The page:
Friday, February 12, 2016

Poem of the Day: “Twentieth Century Chinese History (Revised, Again)” by John Reinhart, Frequent Contributor and Poet of the Week

Songs of Eretz Poetry Review is pleased to present “Twentieth Century Chinese History (Revised, Again)” by John Reinhart, a Songs of Eretz Frequent Contributor and this week’s Poet of the Week.  Mr. Reinhart’s biography may be found in the “About Our Editor & Frequent Contributors” section.

Twentieth Century Chinese History (Revised, Again)
John Reinhart

Mao Zedong studied
rural pheasants
on the road
to becoming chair man.

His studies
the revolting culture
of the 1970s.

His little read book
fanned the flames
of incontinence,
arousing the people
as nothing else
since the Brutish
Idiom Wars.

ruled by farce -
Chinese people
waved the right colors
or dyed.

Not everyone
supported Mao’s
Commonest Party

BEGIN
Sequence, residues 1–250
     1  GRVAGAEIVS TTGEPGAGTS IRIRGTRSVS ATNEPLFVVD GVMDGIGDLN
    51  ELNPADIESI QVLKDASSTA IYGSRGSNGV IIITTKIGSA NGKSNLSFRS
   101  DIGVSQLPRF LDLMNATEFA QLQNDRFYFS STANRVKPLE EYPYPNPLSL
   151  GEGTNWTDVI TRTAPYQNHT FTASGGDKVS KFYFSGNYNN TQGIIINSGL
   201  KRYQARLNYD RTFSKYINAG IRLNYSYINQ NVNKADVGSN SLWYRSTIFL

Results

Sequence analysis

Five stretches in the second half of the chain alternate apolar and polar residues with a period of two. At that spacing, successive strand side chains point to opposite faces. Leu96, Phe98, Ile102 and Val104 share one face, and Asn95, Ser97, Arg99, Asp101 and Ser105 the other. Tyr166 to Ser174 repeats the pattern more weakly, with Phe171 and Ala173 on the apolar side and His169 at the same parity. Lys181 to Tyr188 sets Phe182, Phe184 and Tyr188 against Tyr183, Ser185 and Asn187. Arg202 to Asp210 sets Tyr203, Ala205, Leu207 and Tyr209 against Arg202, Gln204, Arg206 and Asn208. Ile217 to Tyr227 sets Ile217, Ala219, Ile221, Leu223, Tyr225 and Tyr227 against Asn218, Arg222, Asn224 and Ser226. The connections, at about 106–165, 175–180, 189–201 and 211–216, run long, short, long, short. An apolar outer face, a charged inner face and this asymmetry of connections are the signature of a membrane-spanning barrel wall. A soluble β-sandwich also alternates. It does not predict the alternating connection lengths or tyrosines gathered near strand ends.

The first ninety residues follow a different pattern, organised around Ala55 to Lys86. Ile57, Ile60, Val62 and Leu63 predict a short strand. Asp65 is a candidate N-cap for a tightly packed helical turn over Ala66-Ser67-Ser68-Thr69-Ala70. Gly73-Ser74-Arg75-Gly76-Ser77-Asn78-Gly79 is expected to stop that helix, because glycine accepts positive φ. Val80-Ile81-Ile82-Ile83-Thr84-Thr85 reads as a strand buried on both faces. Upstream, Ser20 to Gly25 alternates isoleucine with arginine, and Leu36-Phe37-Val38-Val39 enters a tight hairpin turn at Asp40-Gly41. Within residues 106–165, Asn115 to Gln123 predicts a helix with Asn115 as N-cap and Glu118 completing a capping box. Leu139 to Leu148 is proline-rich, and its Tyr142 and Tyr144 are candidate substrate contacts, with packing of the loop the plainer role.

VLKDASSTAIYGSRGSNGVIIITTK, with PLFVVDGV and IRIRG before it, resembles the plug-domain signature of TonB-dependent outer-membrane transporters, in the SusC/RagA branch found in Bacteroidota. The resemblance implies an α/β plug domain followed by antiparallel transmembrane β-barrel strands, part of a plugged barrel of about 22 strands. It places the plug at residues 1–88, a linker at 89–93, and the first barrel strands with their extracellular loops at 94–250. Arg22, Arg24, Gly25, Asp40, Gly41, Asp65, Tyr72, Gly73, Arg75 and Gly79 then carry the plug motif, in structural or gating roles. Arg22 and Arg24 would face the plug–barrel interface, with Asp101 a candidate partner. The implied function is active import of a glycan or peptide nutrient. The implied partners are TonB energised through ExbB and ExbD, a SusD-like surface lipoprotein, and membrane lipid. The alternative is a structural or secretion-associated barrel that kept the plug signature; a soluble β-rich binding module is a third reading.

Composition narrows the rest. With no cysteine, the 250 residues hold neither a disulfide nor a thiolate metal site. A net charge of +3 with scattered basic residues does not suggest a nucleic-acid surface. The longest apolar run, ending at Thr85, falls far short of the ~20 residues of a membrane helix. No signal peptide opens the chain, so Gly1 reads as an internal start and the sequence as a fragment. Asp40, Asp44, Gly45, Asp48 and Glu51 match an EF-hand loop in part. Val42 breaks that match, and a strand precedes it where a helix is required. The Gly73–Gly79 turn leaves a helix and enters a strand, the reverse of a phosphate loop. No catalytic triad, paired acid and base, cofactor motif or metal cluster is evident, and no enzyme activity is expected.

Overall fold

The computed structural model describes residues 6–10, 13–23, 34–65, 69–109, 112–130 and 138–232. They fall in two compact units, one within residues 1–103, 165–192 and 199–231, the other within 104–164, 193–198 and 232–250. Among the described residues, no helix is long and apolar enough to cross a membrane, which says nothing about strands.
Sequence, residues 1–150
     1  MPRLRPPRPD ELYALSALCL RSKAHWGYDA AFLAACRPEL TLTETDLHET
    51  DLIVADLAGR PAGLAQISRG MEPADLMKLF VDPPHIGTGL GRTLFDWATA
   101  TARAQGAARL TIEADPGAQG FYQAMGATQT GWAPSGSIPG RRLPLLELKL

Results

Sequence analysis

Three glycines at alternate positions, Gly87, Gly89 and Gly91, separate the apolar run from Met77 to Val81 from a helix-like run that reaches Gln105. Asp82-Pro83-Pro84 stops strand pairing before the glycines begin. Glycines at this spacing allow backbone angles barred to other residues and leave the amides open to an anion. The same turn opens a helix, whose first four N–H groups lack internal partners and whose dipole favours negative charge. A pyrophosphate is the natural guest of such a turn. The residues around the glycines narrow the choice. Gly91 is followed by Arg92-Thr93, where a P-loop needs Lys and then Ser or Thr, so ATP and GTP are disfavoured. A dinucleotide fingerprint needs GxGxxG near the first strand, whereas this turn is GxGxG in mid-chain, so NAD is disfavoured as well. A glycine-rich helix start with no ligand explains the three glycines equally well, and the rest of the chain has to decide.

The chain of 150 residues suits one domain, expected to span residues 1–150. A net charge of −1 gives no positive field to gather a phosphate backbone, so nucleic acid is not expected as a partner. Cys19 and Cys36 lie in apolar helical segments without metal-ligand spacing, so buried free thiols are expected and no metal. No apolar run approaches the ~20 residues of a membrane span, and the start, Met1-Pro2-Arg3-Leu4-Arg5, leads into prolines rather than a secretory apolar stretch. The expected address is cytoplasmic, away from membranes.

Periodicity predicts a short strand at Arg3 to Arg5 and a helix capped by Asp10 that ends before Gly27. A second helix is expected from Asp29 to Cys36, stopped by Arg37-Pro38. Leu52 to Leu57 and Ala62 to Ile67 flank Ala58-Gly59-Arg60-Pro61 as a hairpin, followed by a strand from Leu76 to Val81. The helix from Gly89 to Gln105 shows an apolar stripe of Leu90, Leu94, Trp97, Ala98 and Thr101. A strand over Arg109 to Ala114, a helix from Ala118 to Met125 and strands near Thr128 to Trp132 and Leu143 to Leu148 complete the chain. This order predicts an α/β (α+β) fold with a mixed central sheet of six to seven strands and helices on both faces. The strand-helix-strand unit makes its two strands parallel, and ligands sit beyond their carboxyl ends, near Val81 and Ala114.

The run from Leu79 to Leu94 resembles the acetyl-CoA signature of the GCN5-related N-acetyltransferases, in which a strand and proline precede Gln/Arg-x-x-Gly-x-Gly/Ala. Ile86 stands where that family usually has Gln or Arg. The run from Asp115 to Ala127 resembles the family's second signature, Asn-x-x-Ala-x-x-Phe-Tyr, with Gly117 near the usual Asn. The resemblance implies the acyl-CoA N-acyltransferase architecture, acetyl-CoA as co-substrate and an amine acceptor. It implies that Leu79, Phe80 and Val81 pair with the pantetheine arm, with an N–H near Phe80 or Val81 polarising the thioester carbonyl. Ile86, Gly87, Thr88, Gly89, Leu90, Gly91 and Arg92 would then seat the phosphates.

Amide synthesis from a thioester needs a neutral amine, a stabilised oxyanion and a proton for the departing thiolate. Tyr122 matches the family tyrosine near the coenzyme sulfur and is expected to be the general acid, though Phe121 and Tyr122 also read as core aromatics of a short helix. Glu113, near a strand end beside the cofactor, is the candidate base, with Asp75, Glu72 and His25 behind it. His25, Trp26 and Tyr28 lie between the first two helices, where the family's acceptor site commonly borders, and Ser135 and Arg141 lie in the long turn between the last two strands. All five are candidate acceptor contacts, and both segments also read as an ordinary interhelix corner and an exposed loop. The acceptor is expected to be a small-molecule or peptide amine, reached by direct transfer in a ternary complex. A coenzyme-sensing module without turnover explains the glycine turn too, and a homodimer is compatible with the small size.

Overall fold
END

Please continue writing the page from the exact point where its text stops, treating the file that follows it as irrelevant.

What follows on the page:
and many people
wanted to have their own

In China's
Tinman Square
one man
with a lot
of heart
in front
of a tank.

Poet’s Notes:  I stand in front of high school students several hours a day. Sometimes they write me the most amazing and inspiring lines, many of which I had adapted for this poem. I actually think that one of my students believed Mao studied pheasants. It says a lot for nature studies that pheasants' behavior should have changed the course of a century.

The actual poem started with the tinman. Of his quartet, the tinman is most emblematic of our frozen society. While the atmosphere warms, our hearts cool. Ultimately, the lion's lack of cœur-age is also a heart condition as is Dorothy's desire to go home. The scarecrow is redeemed by his heart, not by his lack of brains, or acquisition thereof. Though the poem focuses on China and the nameless man from Tiananmen Square, the scenario plays itself every time we stand up for humanity over systems.

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